Plain English Summary
Background and study aims
The Ida Institute has developed a range of easy-to-use online tools designed to help people with hearing loss prepare for audiology appointments, make important decisions related to their hearing healthcare, and successfully manage everyday communication. Thinking about these things ahead of time can help patients feel better prepared when deciding with the clinician how best to manage their hearing loss. Patients who make choices that are right for them (such as obtaining a hearing aid, or not), are more likely to live well with their hearing loss. This study will assess how adults attending an NHS audiology clinic use the Ida telecare tools and when (feasibility) and how effective the 'Why Improve My Hearing?' tool is at improving their outcomes (effectiveness). The feasibility part of the study will look at how often the tools are used by patients by also identifing what the ‘active ingredients’ of the tools are to change health behaviour, and anything that helps or hinders patients’ use of the tools. The effectiveness part of the study is interested to see if patients who complete the 'Why Improve My Hearing?' Tool before they visit the audiology clinic have better outcomes compared to people who do not. We will also have in-depth discussions with patients and audiologists about what they think of the Tool.
Who can participate?
Adults aged 18 and older who have hearing loss.
What does the study involve?
The Ida Telecare Platform use unique telecare tools that help improve communication, improving hearing, effective tips and tricks for successful communications and common difficulties and solutions. Participants are randomly allocated to one of the two sub-studies (feasibility or effectiveness). Those in the feasibility study select whether or not they wish to use any (or all) of the Ida telephone tolls prior to the hearing assessment, hearing air fitting and follow-up appointments. Those in the effectiveness complete the ‘Why Improve My Hearing’ telecare tool prior to their hearing assessment appointment. This is discussed with the audiologist. The feasibility study assesses if the tools are usable and the participants and audiologists perceptions and experiences of using the telecare tools. The effectiveness of the study is assessed by looking at the benefits of the hearing aids, quality of life, social participation, patient activation, readiness to take up hearing aids and the consequences of hearing aids.
What are the possible benefits and risks of participating?
Participants may benefit from improvements in their communication. It is not expected that this research will pose any risk to participants. None of the tools, quantitative outcome measures or qualitative data collection methods are likely to cause any harm, distress or adverse reaction to adults with hearing loss. There are no likely ethical, legal or management issues arising from this research. Study participants will have ample time to complete tools and outcomes, including breaks where required.
Where is the study run from?
Queens Medical Centre (UK)
When is the study starting and how long is it expected to run for?
June 2017 to August 2018
Who is funding the study?
Ida Institute (UK)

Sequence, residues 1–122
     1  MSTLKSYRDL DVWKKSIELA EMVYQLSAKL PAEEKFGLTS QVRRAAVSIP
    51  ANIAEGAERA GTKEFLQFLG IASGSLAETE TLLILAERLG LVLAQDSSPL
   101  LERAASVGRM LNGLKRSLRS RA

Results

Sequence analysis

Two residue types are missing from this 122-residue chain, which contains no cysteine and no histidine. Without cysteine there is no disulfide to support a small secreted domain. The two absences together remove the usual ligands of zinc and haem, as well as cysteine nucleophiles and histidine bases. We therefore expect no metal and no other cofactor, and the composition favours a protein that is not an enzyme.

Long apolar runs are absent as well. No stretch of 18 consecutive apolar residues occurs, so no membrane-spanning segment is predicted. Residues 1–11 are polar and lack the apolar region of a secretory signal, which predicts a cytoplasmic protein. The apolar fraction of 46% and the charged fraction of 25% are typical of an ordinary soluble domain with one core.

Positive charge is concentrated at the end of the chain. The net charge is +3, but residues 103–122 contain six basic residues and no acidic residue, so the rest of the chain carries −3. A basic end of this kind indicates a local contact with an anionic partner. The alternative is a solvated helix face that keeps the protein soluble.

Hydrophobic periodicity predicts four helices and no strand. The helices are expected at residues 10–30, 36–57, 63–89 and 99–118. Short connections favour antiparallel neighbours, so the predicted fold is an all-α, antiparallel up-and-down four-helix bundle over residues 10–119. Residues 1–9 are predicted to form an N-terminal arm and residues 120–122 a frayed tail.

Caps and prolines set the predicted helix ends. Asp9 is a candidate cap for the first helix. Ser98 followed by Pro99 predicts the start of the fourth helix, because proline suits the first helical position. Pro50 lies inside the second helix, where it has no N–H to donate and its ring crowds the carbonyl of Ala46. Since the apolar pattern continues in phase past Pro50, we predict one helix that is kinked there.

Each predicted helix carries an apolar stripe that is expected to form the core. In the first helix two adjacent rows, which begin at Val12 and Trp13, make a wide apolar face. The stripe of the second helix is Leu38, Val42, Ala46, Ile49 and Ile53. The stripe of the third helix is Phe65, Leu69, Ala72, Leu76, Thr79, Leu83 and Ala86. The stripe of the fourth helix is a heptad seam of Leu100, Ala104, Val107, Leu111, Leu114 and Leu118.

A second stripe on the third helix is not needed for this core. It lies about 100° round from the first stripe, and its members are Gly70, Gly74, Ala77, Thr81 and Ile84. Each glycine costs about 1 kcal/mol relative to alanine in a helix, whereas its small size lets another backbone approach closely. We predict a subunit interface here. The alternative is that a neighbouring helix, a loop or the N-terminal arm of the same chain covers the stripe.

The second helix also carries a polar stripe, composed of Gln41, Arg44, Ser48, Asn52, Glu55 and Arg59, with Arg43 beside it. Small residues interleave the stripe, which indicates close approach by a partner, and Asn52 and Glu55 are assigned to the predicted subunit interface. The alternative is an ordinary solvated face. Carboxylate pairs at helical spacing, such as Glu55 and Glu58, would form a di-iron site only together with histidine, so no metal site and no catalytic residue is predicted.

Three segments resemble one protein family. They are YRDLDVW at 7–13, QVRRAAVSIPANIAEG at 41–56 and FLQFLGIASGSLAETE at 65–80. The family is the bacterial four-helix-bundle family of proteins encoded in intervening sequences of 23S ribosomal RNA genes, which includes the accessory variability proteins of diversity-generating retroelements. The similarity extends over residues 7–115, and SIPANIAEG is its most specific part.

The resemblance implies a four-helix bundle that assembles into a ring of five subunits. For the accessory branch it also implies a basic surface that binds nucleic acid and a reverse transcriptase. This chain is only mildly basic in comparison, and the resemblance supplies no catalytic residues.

Who is the main contact?
Dr Helen Henshaw (Scientific)
Dr Helen Henshaw
Otology and Hearing Group
Division of Clinical Neuroscience
School of Medicine
University of Nottingham.
NIHR Nottingham Biomedical Research Centre
113 The Ropewalk
Feasibility and effectiveness of Ida Telecare tools for NHS Audiology patients
Sub-study 1 aim:
The aim of this study is to assess uptake, feasibility and mechanisms of benefit of the Ida Telecare tools in patients attending Nottingham Audiology Service for the first-time.
Sub-study 2 Aim:
The aim of this study is to evaluate the effectiveness of the Ida ‘Why Improve My Hearing?’ Telecare tool in first-time NHS audiology patients, compared to standard care.
South Central – Oxford C Research Ethics Committee, 10/10/2017, ref: 17IH006
Randomised; Both; Design type: Treatment, Education or Self-Management, Validation of investigation /therapeutic procedures
Primary study design
Secondary study design
Randomised controlled trial
Patient information sheet
See additional files
Specialty: Ear, nose and throat, Primary sub-specialty: Ear, nose and throat; UKCRC code/ Disease: Ear/ Other disorders of ear
This study consists of two single-centre sub-studies assessing:
1. Feasibility of implementing the Ida Telecare platform within an NHS adult audiology service
2. Effectiveness of the Ida Telecare tool ‘Why Improve My Hearing?’, in a cohort of first-time NHS audiology patients
Both sub-studies use mixed-methods (integrating quantitative and qualitative methodologies), which is considered advantageous in the evaluation of patient-centered care, providing an in-depth understanding of the patient experience (Agency for Healthcare Research and Quality 2013).
All participants invited to direct referral hearing assessment appointments at Nottingham Audiology Service between September 2017 and February 2018 receive a study information pack alongside their appointment confirmation letter. The pack contains a study invitation letter, the participant information sheet and a reply slip with a pre-paid addressed envelope for return. Upon receipt of completed reply slips, eligible patients are randomised to one of the two intervention sub-studies (feasibility or effectiveness) using minimised allocation based on gender (male/female) and age: (younger <70 years old/older 70 years old or greater). The minimised allocation is generated and maintained by a researcher not directly involved in patient recruitment or testing using OxMaR software. Participants are contacted by a researcher (by telephone) to answer any questions they may have about the study. The researcher then sends an informed consent form for the patient to complete and return by email or post.